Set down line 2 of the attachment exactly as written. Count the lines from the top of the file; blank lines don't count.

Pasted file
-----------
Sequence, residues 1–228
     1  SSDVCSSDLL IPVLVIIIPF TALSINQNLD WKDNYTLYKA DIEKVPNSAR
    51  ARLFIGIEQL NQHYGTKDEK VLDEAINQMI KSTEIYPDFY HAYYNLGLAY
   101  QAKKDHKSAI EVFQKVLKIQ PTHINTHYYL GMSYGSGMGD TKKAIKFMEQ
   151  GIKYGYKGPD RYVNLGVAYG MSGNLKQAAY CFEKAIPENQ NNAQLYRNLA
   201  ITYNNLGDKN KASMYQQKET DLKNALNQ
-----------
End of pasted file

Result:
     1  SSDVCSSDLL IPVLVIIIPF TALSINQNLD WKDNYTLYKA DIEKVPNSAR